Informal worker organisation and social protection
This project will investigate emerging collective forms of informal worker organisation in the Global South (focusing on Kenya and Tanzania) and their implications for social protection. Rather than seeing a decrease in informal work due to globalization, for most workers in the Global South informality is the norm, leaving workers in isolation with uncertain, precarious livelihoods. Dominant ideas about social protection are based on the notion that the attainment and allocation of social protection is linked to institutions and workers associated with formal sector employment. Unfortunately, this means that social protection is beyond the reach of most of the world’s workers who are found in the informal economy.
At the same time, a myriad of cases of informal workers forming collective initiatives are emerging, as a means of gaining better representation or for claiming rights to or providing alternative forms of social protection. Examples include the collective representation of informal transport workers in Tanzania, informal petty trader associations in Kenya lobbying for inclusion in the national health insurance scheme or construction worker cooperatives in Tanzania pooling resources and accessing credit. Potentially such forms of organising can help to provide informal workers with access to social protection measures leading to improved empowerment and welfare.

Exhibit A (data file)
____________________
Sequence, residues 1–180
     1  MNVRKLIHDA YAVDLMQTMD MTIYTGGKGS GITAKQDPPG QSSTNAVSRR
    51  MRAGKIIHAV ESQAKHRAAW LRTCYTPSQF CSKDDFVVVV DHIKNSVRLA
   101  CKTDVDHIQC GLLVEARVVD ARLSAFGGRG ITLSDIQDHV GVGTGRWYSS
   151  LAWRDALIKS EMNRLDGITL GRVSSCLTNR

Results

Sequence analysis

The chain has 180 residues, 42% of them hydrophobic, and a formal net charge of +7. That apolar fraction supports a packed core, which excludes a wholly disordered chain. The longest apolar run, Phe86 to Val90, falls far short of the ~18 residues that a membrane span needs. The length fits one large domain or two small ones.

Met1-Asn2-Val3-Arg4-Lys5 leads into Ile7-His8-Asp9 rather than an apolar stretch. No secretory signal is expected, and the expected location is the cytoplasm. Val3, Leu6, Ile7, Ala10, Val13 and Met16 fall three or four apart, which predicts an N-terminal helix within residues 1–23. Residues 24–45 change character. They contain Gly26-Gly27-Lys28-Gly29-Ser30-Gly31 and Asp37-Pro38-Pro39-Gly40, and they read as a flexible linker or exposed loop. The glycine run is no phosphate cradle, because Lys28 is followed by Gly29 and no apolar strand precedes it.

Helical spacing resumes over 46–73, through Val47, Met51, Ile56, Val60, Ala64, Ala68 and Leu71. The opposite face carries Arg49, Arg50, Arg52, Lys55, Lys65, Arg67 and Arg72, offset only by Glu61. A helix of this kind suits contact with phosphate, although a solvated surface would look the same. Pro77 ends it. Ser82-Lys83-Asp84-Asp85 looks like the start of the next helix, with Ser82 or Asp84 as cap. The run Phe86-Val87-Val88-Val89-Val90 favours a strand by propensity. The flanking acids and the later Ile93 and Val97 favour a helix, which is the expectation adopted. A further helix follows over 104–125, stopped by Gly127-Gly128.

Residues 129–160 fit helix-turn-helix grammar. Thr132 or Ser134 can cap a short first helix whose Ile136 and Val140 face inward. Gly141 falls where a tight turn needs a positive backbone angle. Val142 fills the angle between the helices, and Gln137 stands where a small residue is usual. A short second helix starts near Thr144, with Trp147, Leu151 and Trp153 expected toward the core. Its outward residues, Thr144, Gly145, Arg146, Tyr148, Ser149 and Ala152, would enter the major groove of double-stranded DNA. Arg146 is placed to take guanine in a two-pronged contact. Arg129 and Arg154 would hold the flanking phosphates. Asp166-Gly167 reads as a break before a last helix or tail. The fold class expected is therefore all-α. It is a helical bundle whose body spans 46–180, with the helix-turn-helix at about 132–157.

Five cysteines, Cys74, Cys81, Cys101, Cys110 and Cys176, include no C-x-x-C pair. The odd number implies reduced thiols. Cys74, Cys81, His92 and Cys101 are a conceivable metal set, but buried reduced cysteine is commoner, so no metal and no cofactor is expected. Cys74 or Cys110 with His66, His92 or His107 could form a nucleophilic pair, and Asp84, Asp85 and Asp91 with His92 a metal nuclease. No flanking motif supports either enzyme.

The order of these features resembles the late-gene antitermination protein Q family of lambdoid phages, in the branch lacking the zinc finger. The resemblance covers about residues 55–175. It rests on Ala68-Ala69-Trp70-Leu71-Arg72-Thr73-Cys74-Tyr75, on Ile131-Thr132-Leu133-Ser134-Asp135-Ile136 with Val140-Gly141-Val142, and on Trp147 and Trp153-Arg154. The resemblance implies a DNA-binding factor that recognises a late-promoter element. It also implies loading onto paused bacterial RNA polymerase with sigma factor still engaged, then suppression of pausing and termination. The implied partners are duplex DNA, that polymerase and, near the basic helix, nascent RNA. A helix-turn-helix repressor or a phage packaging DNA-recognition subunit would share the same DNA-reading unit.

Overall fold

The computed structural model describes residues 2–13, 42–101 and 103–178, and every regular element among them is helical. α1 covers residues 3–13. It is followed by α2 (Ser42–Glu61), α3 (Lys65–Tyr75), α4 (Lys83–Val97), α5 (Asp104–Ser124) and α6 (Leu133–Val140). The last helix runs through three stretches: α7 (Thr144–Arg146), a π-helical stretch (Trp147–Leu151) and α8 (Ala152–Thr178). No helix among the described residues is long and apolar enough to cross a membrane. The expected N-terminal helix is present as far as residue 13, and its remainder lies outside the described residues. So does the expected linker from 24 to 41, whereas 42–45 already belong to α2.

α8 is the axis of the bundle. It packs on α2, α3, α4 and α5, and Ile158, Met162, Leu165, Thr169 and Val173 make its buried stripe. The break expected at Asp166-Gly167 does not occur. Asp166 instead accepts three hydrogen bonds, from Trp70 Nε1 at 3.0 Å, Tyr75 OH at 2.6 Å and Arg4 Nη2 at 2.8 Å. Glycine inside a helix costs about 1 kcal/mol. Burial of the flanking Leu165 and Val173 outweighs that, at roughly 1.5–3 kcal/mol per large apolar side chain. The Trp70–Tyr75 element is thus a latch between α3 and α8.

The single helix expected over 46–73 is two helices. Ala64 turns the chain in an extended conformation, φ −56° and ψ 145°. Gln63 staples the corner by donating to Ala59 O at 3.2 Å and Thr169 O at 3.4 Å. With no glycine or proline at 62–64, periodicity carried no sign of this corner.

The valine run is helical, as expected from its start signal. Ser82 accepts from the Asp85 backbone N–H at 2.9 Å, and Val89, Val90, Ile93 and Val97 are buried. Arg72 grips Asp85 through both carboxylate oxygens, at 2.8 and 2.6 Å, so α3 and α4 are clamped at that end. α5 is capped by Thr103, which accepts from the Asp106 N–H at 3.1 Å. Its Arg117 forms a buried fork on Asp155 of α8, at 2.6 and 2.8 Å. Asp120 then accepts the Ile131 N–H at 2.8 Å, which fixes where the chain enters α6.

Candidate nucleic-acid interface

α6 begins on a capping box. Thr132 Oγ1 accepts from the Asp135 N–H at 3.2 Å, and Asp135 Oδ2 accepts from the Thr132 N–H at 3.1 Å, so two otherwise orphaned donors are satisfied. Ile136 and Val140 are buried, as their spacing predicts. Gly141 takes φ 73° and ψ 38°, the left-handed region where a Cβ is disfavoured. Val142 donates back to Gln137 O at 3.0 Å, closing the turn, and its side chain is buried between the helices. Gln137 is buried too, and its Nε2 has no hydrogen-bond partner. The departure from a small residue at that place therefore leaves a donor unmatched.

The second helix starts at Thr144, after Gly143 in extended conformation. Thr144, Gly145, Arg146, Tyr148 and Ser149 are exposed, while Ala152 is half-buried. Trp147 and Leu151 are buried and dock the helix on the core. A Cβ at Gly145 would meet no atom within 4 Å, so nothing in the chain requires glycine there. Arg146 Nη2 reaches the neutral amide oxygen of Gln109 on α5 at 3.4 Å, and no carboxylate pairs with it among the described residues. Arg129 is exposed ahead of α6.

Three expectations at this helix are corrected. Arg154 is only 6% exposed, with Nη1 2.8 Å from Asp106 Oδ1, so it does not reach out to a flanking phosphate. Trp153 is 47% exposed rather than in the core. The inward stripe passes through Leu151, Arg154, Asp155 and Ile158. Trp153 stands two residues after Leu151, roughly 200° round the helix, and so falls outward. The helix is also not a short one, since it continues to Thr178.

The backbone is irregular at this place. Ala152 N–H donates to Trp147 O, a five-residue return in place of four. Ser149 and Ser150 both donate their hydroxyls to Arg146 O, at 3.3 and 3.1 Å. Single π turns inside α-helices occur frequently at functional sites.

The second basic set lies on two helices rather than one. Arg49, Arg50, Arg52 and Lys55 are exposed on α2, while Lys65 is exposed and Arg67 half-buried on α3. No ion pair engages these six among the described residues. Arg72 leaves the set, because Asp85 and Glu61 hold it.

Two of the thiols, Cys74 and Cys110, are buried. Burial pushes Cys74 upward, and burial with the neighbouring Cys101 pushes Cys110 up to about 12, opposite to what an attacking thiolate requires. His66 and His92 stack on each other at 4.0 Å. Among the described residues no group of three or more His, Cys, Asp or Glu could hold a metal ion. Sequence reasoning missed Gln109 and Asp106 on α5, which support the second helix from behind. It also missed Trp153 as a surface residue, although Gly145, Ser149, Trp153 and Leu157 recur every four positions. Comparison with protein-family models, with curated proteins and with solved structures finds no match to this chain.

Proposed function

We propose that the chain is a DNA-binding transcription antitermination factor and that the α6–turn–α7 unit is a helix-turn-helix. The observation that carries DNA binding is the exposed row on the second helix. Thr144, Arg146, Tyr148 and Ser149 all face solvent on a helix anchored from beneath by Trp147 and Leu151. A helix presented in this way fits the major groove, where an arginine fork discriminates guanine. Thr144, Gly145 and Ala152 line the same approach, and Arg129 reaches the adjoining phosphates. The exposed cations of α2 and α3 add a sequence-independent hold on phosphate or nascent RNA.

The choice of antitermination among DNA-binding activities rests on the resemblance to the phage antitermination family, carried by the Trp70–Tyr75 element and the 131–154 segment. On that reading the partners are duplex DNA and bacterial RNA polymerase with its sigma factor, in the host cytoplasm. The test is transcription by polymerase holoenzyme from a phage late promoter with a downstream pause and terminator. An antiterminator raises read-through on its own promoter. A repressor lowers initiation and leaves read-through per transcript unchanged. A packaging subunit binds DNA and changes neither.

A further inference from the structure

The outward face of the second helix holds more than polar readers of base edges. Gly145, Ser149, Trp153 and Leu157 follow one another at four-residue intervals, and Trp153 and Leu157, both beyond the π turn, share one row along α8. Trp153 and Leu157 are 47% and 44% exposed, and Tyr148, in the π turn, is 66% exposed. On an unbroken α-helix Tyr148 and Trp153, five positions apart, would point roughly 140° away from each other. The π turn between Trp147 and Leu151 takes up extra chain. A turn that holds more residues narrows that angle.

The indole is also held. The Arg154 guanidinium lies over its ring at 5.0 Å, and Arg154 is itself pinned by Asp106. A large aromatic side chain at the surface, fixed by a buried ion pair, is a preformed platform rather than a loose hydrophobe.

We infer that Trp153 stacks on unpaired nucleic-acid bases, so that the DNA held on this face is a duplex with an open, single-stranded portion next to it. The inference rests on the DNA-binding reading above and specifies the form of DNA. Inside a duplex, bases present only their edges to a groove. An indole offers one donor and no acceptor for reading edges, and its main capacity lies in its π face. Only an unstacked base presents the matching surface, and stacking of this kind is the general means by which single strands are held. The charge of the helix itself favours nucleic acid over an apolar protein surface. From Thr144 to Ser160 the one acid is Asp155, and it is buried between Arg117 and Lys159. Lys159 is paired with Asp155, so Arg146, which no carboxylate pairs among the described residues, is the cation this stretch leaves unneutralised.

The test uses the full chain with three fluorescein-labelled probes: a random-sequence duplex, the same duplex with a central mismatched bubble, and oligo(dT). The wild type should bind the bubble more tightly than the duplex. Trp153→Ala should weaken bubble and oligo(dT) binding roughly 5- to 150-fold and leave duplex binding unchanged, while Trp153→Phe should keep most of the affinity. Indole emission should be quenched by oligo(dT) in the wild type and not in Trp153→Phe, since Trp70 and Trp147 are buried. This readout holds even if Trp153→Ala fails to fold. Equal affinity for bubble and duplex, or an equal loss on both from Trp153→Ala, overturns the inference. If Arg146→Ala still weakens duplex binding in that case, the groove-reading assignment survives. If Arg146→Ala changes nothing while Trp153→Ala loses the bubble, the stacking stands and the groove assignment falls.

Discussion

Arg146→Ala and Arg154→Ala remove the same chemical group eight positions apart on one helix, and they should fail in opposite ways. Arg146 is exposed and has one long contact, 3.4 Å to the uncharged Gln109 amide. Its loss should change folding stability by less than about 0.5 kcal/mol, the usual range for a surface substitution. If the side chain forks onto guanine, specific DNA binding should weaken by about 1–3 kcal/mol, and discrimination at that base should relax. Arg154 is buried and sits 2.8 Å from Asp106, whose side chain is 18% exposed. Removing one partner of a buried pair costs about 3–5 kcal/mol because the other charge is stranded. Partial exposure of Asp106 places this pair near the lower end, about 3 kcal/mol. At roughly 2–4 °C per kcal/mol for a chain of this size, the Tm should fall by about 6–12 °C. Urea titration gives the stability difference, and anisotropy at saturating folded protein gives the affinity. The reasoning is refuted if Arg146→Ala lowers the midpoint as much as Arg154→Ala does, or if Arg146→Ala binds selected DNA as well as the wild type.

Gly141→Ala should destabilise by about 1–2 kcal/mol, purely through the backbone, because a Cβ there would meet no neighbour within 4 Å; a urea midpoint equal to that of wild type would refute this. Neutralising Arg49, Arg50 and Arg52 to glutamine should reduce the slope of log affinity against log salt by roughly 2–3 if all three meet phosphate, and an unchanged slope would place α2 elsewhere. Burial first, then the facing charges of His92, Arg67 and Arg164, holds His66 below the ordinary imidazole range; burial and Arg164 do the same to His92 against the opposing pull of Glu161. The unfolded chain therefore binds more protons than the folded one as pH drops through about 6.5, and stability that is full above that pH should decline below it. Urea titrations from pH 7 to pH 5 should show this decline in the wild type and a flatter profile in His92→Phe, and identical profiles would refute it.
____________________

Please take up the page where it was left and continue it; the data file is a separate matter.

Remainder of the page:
From a development perspective the question arises as to how informal workers are responding in ways that might challenge dominant processes and ideas of social protection, and how effectively. Our proposed research will fill major gaps in knowledge on the rapidly changing incidence, nature and effectiveness of collective informal worker organisation in East Africa. By employing a political economy approach and using mixed, innovative methods this project will generate new knowledge and expand capacity in the North and South.
-Primary mapping of the three sectors.
-First engagement with key stakeholders in Kenya and Tanzania
-Extensive Literature reviews conducted on the three sectors in Kenya and Tanzania as well as an overall literature review of approaches used to study informality and social protection. We have engaged with policy makers as well as informal worker organisations and other stakeholders in Kenya and Tanzania during the startup workshops and continuously during data collection.
Enrollment of PhD students completed and their PhD plans approved.
Improved understanding of informal worker organization and social protection amongst
participating researchers and amongst stakeholders participating in the first stakeholder
workshops in Kenya and Tanzania.
Data collection is almost completed. A survey of almost 1500 workers have been succesfully
implemented in 4 locations. Key informant interviews and focus group discussions are being
conducted for each sector in each location and is expected to be finished by July 2019,
whereupon analysis and write up will commence.